• H01L2924/00Indexing scheme for arrangements or methods for connecting or disconnecting semiconductor or solid-state bodies as covered by H01L24/00
    • H01L2924/0001Technical content checked by a classifier
    • H01L2924/0002Not covered by any one of groups H01L24/00, H01L24/00 and H01L2224/00

Abstract

A temperature control device that includes a miniature liquid-cooled heat sink with integral heater and sensing elements is used as part of a system to provide a controlled temperature surface to an electronic device, such as a semiconductor device, during the testing phase. The temperature control device includes an interface surface configured to provide a thermal path from the device to a device under test. One such device has a liquid-cooled heat sink comprising a first heat transfer portion in a first plane and a second heat transfer portion in a second plane. The first and second heat transfer portions establish a three-dimensional cross-flow of coolant within the heat sink structure. An alternate embodiment includes parallel fluid conduits, each having a three-dimensional microchannel structure that directs coolant flow in three dimensions within the fluid conduits. Coolant flows in opposite directions through adjacent fluid conduits, thus resulting in a three-dimensional cross-flow within the heat sink structure.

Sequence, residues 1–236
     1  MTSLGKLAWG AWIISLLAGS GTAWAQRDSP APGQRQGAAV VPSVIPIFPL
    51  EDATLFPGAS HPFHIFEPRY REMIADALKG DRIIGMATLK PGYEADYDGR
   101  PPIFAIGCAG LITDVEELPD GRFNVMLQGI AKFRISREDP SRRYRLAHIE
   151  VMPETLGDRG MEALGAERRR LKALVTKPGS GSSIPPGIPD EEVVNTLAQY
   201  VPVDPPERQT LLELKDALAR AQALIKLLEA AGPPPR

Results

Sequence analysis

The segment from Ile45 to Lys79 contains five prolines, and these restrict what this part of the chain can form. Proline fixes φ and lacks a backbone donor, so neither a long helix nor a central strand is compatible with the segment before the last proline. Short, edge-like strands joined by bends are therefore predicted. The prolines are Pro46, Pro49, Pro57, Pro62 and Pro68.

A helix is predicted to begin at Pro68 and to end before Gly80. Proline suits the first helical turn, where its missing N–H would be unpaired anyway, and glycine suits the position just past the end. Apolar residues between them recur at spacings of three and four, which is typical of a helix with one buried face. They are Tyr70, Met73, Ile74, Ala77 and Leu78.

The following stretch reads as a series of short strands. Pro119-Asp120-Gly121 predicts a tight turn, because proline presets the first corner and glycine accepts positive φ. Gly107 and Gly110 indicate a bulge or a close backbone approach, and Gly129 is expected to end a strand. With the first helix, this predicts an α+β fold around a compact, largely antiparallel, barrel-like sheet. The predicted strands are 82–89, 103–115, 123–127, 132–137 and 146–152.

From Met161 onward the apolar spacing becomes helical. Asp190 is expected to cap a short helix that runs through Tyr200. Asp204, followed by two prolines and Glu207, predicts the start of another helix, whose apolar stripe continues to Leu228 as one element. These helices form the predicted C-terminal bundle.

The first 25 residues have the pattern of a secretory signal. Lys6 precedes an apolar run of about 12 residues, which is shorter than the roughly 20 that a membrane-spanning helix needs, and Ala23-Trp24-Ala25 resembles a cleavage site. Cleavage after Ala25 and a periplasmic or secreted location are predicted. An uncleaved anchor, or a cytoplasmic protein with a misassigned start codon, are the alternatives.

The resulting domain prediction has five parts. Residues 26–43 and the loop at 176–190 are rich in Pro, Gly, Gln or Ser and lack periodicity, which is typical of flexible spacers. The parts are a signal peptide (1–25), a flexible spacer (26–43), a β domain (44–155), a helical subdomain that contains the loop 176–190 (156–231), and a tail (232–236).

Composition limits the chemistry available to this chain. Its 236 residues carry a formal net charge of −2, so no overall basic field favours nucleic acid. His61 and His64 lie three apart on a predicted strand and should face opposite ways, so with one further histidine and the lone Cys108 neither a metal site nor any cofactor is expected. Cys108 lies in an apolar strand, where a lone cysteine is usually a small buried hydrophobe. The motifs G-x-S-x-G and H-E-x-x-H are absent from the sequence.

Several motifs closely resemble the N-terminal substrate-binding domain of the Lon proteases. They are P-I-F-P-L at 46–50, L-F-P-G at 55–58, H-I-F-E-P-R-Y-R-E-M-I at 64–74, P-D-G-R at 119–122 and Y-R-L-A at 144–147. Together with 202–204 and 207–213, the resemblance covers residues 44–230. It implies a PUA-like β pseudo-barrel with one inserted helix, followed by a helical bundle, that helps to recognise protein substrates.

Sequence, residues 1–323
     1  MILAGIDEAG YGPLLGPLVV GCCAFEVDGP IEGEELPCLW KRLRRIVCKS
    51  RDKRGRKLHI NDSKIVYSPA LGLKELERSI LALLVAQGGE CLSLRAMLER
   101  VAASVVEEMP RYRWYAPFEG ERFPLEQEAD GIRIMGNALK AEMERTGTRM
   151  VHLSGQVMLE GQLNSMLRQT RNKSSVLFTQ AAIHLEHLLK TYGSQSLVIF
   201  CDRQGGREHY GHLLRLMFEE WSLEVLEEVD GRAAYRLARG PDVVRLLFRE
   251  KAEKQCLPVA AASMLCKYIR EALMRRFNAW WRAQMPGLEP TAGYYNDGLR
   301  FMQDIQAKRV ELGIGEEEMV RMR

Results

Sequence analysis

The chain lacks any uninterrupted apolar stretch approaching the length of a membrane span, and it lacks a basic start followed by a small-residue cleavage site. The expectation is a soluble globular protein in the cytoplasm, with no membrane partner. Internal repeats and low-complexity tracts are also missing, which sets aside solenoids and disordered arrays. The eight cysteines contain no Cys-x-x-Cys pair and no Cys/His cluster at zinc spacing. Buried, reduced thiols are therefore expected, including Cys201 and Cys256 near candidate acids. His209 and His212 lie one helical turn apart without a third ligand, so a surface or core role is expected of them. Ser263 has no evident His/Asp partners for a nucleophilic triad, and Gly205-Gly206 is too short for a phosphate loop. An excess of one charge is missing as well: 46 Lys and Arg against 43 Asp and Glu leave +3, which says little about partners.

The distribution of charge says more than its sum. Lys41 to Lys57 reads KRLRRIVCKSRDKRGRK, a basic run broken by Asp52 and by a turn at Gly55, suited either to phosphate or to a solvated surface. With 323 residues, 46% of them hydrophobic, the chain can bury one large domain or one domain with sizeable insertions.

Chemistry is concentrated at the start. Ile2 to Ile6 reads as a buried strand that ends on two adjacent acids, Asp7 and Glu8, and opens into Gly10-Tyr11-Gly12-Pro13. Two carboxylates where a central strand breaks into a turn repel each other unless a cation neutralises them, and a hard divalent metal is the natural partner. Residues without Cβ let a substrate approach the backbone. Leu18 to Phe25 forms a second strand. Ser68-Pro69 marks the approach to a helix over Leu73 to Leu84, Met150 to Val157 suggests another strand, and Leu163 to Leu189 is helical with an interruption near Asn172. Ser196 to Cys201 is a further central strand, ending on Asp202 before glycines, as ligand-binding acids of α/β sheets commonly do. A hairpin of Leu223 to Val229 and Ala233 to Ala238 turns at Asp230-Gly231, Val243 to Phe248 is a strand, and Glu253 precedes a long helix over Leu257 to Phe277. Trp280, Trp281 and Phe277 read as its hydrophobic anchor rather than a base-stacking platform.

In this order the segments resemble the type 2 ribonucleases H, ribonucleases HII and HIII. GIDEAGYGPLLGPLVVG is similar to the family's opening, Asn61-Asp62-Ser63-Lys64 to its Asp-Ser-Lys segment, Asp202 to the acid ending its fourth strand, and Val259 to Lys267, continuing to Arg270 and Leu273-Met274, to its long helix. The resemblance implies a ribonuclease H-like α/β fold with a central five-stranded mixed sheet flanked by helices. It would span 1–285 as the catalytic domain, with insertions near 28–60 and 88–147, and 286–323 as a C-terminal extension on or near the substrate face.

Description

CROSS-REFERENCE TO RELATED PATENT APPLICATIONS

This application is a division of application Ser. No. 11/326,340, filed Jan. 6, 2006, which is a division of application Ser. No. 10/785,204, filed Feb. 23, 2004, the disclosures of which are incorporated herein by reference in their entirety. This application claims only subject matter disclosed in the parent application and therefore presents no new matter.

FIELD OF THE INVENTION

The present invention relates generally to a temperature control device that controls the temperature of an electronic device during testing. More particularly, the present invention relates to a miniature liquid-cooled heat sink with integral heater and sensing elements for maintaining constant operating temperature of the electronic device under test.

BACKGROUND OF THE INVENTION

Electronic devices, such as integrated circuit chips, are usually tested prior to use. Device manufacturers typically perform a number of electrical and physical tests to ensure that the devices are free from defects and that the devices function according to their specifications. Common types of device testing include burn-in testing and electrical performance testing.

The operating temperature of an electronic device under test (“DUT”) is an important test parameter that usually requires careful monitoring and/or regulating. For example, an electrical test procedure may designate a number of specific test temperatures or a specific range of test temperatures. Consequently, the prior art is replete with different types of temperature control systems, heat sink components, and heater elements designed to heat, cool, and otherwise control the operating temperature of a DUT. These temperature control systems are designed to maintain a steady state DUT operating temperature during the electronic testing procedure. However, it can be difficult to regulate the temperature of a DUT if the DUT exhibits rapid or excessive internal temperature changes while being tested; the electronic devices within the DUT often generate heat which causes such internal temperature changes. The prior art configurations may not be capable of efficiently and effectively compensating for rapid temperature fluctuations generated by the DUT.